University of Cambridge > > CUED Control Group Seminars > Isolating Invisible Dynamics in the Design of Robust Hybrid Internal Models

Isolating Invisible Dynamics in the Design of Robust Hybrid Internal Models

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The talk deals with the problem of output regulation for a class of hybrid linear systems and exosystems whose state jumps periodically according to a known clock. In this framework the main contribution of the paper is to present a general method for the systematic design of robust internal model-based regulators by extending results that are known for continuous-time systems. The internal model design procedure relies upon a notion of visibility of the so-called ``hybrid steady-state generator.” The general theory is applied to the case of robust tracking of spline-based reference trajectories by showing how the latter can be thought of as being generated by hybrid linear exosystems.

Bisketch: Lorenzo Marconi obtained his Ph.D. degree at University of Bologna in March 1998. From 1999 he has been an Assistant Professor in the same Department, Associate Professor since January 2005, and Full Professor since January 2016. He has held visiting positions at and collaborations with various academic/research international institutions, such as the Washington University at St. Louis, the Imperial College at London, the Ohio State University at Columbus Ohio, the Universite Paris-Sud, the Mittag-Leffler Institute Sweden, l’Ecole Nationale Superieure des Mines de Paris, the University of Linz Austria. He is co-author of more than 200 technical publications on the subject of linear and nonlinear feedback design published on international journals, books and conference proceedings. He is also co-author of three international monographs. In 2005, he has been awarded jointly by Elsevier and the International Federation of Automatic Control (IFAC) for the best paper published in the period 2002-2005 on ``Automatica”. He is also the recipient of the 2014 IEEE Control Systems Magazine Outstanding Paper Award for the best paper published on the magazine in the period 2012-2013. He was the coordinator of the European Project AIRobots (Innovative aerial service robots for remote inspections by contact) funded by the European Community within the 7th FP (Theme ICT -4-2.1) and responsible for University of Bologna of the European Projects CESAR and EDIANA funded within the JTI Artemis. Actually, he is the coordinator of the European Integrated Project SHERPA (Smart collaboration between Humans and ground-aErial Robots for imProving rescuing activities in Alpine environments) funded by the European Community within the 7th FP. His current research interests include nonlinear control, output regulation for nonlinear systems, control of autonomous aerial vehicles, robust control, fault detection and isolation, fault tolerant control.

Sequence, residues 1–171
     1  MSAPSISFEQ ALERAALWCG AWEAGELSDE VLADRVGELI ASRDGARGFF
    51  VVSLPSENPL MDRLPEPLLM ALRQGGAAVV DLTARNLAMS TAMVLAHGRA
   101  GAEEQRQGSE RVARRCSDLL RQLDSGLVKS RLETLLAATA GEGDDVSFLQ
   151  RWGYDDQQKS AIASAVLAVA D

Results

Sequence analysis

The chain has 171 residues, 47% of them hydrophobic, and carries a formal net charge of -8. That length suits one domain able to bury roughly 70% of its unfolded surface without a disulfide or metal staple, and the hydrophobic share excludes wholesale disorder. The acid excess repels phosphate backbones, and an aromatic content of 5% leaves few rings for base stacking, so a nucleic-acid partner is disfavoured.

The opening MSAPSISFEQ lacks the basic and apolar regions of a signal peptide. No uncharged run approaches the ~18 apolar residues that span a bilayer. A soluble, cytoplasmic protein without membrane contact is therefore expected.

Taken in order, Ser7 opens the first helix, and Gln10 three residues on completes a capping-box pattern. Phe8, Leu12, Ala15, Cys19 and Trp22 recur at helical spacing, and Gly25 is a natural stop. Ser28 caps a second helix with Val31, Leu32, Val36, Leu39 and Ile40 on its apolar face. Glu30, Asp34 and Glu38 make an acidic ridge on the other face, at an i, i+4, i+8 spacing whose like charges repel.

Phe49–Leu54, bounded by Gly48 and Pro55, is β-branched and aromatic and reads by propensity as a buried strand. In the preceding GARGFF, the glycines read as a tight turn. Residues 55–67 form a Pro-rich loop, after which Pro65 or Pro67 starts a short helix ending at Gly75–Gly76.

This talk is part of the CUED Control Group Seminars series.

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